“Vatican Announces Major Summit On Climate Change” – ThinkProgress, 16 April 2015

Pope Francis has made climate change one of the cornerstones of his papacy, recently hosting a climate change summit at the Vatican, which he hopes will bridge the gap between climate change and religion.

The conference, called “Protect the Earth, Dignify Humanity. The Moral Dimensions of Climate Change and Sustainable Development,” was held on April 28 and featured prominent leaders, like the Director of the United Nations Sustainable Development Solutions Network, Jeffrey Sachs, and UN Secretary General Ban Ki-moon, who gave the opening speech.

Pope Francis hopes that his followers — and followers of other religions — will see the connection between their faith, environmental conservation, and the future of people. The pope’s upcoming encyclical, to be published in either June or July, will focus on the environment.

During Francis’ inauguration in 2013, he gave a moving speech that fixated on climate change, even calling abuse of the environment a sin. The following year, in 2014, he hosted a five-day conference that targeted sustainability, which brought microbiologists, economists, legal scholars, and various scientific experts to the Vatican to discuss our worsening climate.

April’s summit at the Vatican also hit close to home for Americans. As we all know, many conservatives and members of the GOP have rejected the concept of climate change and have found fault with Francis for being pro-green. Francis is slated to talk to Congress this coming September, and it’s certainly likely that he’ll bring up environmental conservation.

According to the Center for American Progress Action Fund, 56 percent, or 169 members, of our current Congress are skeptical of the science backing climate change. Moreover, thirty-five of those 169 members recognize themselves as Catholic. It will be compelling to see if these Congress members’ faith — and the pope’s influence — can sway any of the Congressmen and women.

However, in the final analysis, it is not religion but economic — supply, demand, availability, and prices — environmental, and societal pressures, and technology issues, such as cost and effectiveness, that will determine the final outcome. Having said that, Vatican’s proactive approach will sway public opinion, which could be very significant.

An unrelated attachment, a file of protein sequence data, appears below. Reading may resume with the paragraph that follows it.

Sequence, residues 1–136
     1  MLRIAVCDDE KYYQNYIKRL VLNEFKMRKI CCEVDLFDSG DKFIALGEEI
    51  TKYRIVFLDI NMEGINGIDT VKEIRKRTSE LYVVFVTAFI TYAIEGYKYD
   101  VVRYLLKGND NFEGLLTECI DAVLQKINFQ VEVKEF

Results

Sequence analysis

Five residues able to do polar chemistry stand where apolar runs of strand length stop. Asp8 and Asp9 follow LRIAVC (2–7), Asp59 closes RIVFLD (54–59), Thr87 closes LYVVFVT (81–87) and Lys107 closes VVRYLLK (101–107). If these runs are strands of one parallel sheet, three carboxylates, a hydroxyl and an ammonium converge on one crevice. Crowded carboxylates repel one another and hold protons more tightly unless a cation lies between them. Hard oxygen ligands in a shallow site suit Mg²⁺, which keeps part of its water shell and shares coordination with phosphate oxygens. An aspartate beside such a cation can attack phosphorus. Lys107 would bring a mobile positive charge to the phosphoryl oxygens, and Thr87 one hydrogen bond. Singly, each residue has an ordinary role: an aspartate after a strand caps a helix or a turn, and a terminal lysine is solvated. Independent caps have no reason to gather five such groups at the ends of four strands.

(From ThinkProgress)

Developed and Written by Dr. Subodh Das and Tara Mahadevan

April 17, 2015

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The ARPA-E 2014 Energy Innovation Summit

Screen shot 2014-03-05 at 3.08.09 PMThe ARPA-E Energy Innovation Summit was held last week, February 24-26, in Washington DC. The goal of the summit was to create a space where thought leaders—from academia, business and government—can discuss innovative solutions to current energy issues. Phinix had a booth at the summit.

Phinix was recently awarded a contract by ARPA-E for Phinix’s project RE-12. RE-12 aims to provide a cleaner, more sustainable manufacturing solution for recovering magnesium and aluminum-magnesium alloys.

Current extraction and recovery processes for magnesium alloys are expensive and environmentally unfriendly. Premium and high demand applications of these processes—in areas like aluminum beverage cans, automotive and marine applications, and titanium manufacturing—all require high-purity alloys to manufacture their various components. Consequently, the majority of these alloys are produced from pure, expensive, energy-intensive primary aluminum and magnesium, instead of recycling materials.

Phinix is looking for partners and investors to scale up and commercialize the process.

Developed and Written by Dr. Subodh Das and Tara Mahadevan

February 28, 2014

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“Obama’s Speech Softens Tone on Climate Change” – Wall Street Journal, 29 January 2014

It seems as if the President is relaxing on climate change, when, during his January 28 SOTU speech, he addressed how much natural gas has helped the environment, specifically by reducing carbon emission pollution and inciting businesses to invest $100 million. However, Obama’s statements weren’t directed to environmental groups, who have remained his most loyal allies. It seems that oil and natural gas will be crucial to America’s energy future.